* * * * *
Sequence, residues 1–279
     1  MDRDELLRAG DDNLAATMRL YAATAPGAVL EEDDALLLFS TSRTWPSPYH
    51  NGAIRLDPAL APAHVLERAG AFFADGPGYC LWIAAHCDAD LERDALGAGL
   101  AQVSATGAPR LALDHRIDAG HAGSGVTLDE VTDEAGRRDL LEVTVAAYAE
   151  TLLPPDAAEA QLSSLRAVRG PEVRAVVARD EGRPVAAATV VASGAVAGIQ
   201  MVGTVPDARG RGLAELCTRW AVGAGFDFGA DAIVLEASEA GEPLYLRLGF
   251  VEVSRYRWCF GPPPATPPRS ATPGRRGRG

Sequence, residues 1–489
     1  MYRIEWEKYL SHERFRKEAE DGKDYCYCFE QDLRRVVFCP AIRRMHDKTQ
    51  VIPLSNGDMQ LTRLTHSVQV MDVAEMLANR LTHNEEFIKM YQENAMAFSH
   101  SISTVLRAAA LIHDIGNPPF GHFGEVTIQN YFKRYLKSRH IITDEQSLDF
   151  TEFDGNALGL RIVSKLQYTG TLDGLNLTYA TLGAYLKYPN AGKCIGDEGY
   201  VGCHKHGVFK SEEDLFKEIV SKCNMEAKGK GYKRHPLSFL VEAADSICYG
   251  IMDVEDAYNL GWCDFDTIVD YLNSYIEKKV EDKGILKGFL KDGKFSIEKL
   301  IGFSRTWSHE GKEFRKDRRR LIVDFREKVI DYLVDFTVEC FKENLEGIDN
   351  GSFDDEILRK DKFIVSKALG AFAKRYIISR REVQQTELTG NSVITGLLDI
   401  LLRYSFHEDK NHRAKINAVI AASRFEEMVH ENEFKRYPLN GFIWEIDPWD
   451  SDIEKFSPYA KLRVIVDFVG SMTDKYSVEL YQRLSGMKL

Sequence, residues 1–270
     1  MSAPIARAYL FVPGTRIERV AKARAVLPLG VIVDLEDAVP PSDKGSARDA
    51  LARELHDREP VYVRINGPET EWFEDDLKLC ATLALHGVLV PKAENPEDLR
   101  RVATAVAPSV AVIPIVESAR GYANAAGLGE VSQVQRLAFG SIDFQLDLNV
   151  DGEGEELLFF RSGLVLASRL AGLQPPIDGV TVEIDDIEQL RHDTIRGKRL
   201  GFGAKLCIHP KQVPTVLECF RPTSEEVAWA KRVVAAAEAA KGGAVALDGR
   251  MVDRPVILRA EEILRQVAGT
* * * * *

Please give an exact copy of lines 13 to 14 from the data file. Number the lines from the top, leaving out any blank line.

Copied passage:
   201  VGCHKHGVFK SEEDLFKEIV SKCNMEAKGK GYKRHPLSFL VEAADSICYG
   251  IMDVEDAYNL GWCDFDTIVD YLNSYIEKKV EDKGILKGFL KDGKFSIEKL